The domestic nuclear industry owes much of its birth to Laboratory No. 2. There, on the north-western outskirts of Moscow (then it was still an outskirts), in just 16 months, an experiment was prepared to launch the first uranium-graphite nuclear reactor F-1 in Eurasia … Its launch took place on December 25, 1946. In honor of the 75th anniversary of this event, we recall how the history of the birth of atomic energy was created.
In February 1943, a young forty-year-old professor was appointed head of Laboratory No. 2, organized for the creation of nuclear weapons, and the scientific leader of the atomic project. > Igor Kurchatov . On August 20, 1945, the atomic Special Committee under the USSR Council of People's Commissars was created, headed by Lavrenty Beria.
The Committee initially included two physicists. Igor Kurchatov was appointed scientific supervisor of all works, and Kapitsa , who was not an expert in nuclear physics, was supposed to oversee certain areas (low-temperature technology for separating uranium isotopes).
It is believed that at first they wanted to give the leadership of work on the creation of an atomic reactor directly to Peter Kapitsa, a very famous scientist at that time. Kurchatov, on the other hand, was quite young and famous, as they say, in narrow circles. However, Kapitsa was dissatisfied with the methods of Beria's leadership, he spoke very impartially and sharply about the General Commissioner of State Security & nbsp; & mdash; both personally and professionally.
Kapitsa wrote to Stalin a letter asking to be relieved of his duties on the Committee, but there was no response. A little later, Kapitsa wrote a second, more detailed one, after which Stalin agreed to his resignation. & Nbsp; In the second letter, Kapitsa described how it was necessary, in his opinion, to carry out the atomic project, defining in detail an action plan for two years. The problem is that the plan proposed by Kapitsa, although it was fast enough in execution, was not fast enough for the current political situation around the development of the first Soviet atomic bomb.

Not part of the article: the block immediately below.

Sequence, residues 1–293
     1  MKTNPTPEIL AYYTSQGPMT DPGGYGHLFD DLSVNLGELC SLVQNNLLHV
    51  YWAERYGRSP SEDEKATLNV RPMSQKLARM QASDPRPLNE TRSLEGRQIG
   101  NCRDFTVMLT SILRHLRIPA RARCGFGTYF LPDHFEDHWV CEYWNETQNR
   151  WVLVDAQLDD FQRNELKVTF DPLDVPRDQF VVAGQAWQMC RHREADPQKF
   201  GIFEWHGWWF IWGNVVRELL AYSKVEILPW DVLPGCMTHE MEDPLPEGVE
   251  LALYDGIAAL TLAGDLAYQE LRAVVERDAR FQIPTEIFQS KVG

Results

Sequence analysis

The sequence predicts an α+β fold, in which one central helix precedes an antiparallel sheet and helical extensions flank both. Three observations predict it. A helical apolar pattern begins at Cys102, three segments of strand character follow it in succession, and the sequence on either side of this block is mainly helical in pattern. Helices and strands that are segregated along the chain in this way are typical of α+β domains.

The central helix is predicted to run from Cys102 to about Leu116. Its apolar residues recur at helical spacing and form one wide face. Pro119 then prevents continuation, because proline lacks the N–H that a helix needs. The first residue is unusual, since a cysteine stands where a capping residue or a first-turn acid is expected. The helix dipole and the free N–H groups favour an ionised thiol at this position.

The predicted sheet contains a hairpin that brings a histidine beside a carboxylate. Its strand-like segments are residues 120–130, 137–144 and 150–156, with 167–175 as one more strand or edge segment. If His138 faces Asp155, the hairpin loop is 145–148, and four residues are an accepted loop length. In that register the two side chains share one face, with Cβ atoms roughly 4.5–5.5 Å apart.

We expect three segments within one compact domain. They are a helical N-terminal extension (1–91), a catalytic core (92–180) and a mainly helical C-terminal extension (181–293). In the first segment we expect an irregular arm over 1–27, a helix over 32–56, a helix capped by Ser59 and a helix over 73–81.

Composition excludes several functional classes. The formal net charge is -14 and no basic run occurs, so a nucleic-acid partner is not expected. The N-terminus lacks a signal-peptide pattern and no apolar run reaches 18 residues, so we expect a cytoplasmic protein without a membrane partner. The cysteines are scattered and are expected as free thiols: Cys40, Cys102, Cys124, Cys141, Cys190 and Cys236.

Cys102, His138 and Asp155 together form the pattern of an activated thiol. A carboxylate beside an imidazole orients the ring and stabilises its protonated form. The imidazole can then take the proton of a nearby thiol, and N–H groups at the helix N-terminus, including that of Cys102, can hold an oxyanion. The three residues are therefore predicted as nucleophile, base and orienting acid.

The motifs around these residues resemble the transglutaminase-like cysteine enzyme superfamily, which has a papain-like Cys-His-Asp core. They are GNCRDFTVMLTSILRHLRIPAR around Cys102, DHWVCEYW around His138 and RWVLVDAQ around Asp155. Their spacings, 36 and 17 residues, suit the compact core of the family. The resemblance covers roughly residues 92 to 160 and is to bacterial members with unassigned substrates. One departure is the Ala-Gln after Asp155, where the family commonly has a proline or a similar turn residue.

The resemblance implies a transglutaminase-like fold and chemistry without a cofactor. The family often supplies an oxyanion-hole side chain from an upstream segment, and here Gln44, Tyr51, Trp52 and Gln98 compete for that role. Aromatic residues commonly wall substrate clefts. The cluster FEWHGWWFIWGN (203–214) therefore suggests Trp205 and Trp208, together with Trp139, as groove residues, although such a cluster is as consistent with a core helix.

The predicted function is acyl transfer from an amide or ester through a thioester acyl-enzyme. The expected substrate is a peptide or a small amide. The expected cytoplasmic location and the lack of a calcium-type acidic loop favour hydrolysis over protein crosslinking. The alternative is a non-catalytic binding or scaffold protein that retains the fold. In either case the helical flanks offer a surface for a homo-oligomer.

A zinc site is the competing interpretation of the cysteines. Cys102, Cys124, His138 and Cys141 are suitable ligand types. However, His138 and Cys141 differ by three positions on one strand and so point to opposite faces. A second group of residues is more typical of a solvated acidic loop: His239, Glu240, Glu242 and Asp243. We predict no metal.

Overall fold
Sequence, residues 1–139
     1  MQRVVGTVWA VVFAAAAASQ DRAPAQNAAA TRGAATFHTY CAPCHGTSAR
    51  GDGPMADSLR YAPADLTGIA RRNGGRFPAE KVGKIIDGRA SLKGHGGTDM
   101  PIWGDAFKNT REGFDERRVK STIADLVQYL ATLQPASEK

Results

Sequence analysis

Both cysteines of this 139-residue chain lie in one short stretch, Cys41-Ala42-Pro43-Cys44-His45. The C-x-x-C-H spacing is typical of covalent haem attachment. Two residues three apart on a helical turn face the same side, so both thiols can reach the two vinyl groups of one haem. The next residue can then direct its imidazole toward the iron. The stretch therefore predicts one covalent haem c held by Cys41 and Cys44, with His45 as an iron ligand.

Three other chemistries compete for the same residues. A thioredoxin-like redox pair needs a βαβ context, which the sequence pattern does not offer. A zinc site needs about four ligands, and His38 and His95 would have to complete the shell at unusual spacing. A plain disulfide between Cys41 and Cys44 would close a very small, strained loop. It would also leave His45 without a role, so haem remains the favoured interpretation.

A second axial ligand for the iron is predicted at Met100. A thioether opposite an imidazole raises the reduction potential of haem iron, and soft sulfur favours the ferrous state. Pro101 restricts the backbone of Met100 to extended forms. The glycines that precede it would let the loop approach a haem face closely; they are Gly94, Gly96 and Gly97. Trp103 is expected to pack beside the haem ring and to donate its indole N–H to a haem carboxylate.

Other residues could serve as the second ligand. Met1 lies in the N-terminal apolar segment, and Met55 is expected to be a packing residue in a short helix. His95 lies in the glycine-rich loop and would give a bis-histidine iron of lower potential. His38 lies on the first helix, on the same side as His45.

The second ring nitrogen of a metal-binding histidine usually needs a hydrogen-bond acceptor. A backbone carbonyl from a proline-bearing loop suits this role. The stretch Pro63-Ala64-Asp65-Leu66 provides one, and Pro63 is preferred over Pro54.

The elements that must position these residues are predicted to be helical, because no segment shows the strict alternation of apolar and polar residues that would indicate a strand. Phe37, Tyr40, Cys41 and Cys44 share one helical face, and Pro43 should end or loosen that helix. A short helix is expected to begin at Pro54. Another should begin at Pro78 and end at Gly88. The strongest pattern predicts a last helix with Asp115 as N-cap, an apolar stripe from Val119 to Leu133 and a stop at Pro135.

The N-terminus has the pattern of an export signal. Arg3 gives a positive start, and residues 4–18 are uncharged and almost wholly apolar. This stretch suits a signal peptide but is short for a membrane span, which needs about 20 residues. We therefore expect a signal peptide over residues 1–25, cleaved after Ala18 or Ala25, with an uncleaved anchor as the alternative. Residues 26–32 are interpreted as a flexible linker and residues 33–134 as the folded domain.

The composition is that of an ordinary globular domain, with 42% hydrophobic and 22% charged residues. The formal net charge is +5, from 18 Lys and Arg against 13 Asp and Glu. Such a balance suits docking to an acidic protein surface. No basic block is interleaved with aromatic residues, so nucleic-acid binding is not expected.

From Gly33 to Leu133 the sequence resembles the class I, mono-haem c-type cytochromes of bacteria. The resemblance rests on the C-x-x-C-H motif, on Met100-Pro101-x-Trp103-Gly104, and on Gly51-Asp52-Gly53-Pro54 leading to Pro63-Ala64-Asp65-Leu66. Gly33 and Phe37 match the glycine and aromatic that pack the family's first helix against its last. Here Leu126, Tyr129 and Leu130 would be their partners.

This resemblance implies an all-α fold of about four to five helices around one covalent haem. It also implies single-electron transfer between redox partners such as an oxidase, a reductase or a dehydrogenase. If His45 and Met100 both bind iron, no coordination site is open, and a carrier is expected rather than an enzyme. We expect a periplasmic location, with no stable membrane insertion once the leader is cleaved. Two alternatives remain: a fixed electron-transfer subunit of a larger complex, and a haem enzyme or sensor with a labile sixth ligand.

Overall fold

So, Laboratory No. 2 was allocated a plot of land with an area of 120 hectares in the Pokrovsky-Streshnevo area. On this territory, there was a building of the Institute of Experimental Medicine, almost completed before the war, where laboratories and rooms for employees could be quickly located.
For the construction of the reactor, which was called the “ boiler '', uranium, high-purity graphite, and a number of new materials were needed. In the shortest possible time, it was necessary to provide geological exploration work & mdash; & nbsp; for uranium mining. It was required to create a new metallurgy from scratch, to establish the production of the purest graphite. Recall that the slightest impurities in this material absorb neutrons, so the nuclear decay reaction would stop.
Everything was done for the first time. No one had the experience of creating such complex installations as a nuclear reactor. At first, scientists conducted experiments, studied the characteristics of uranium blocks, and chose the optimal sizes. The work was carried out in an open field, in a large army tent.
They used 450 tons of graphite and almost 50 tons of uranium, which were transferred to the tent literally on hand. It was necessary to fold, study and disassemble four models of the installation, and only the fifth became a working reactor. It consisted of a structure of uranium-graphite lattice, cadmium control rods, remotely operated, experimental channels and wells, & nbsp; to protect from radiation placed below ground level.
By the end of 1946, construction was completed the world's first special building with a reactor shaft, providing reliable protection from radiation and provided with radiation monitoring devices.
All work was carried out in strict secrecy. In the documents, the object was called the “ Assembly Workshop '' or 'Building K' & mdash; & nbsp; Kurchatov building. According to the recollections of the employees of Laboratory No. 2, a special encryption system was used for the records. For example, the boiler was called an electrolyzer, instead of the word “ uranium '' wrote silicon.
The youngest specialist of the team was only 15 years old. All were forced to sign a non-disclosure receipt of the nature of the work carried out before the launch.
On the evening of December 25, 1946, the last, 62nd layer of the core was laid. Igor Kurchatov sat down at the boiler control panel and began to remove the cadmium rods from the core. When the thermal power released in the boiler reached several tens of watts, Kurchatov stabilized the process: using an emergency protection rod, he muffled the reaction. Boiler worked for about four hours.
The next day, Lavrenty Beria, chairman of the atomic special committee, arrived at Laboratory No. 2. Kurchatov demonstrated to him a controlled chain reaction of uranium fission. This ambitious project took only 16 months to complete. Three days later, the country's leadership was reported, “ With the help of the built uranium-graphite boiler, we are & nbsp; now able to solve the most important issues & hellip; & nbsp; & nbsp; Nuclear weapons and energy have turned from a dream into a reality. This is how the USSR began the atomic era, which continues to this day.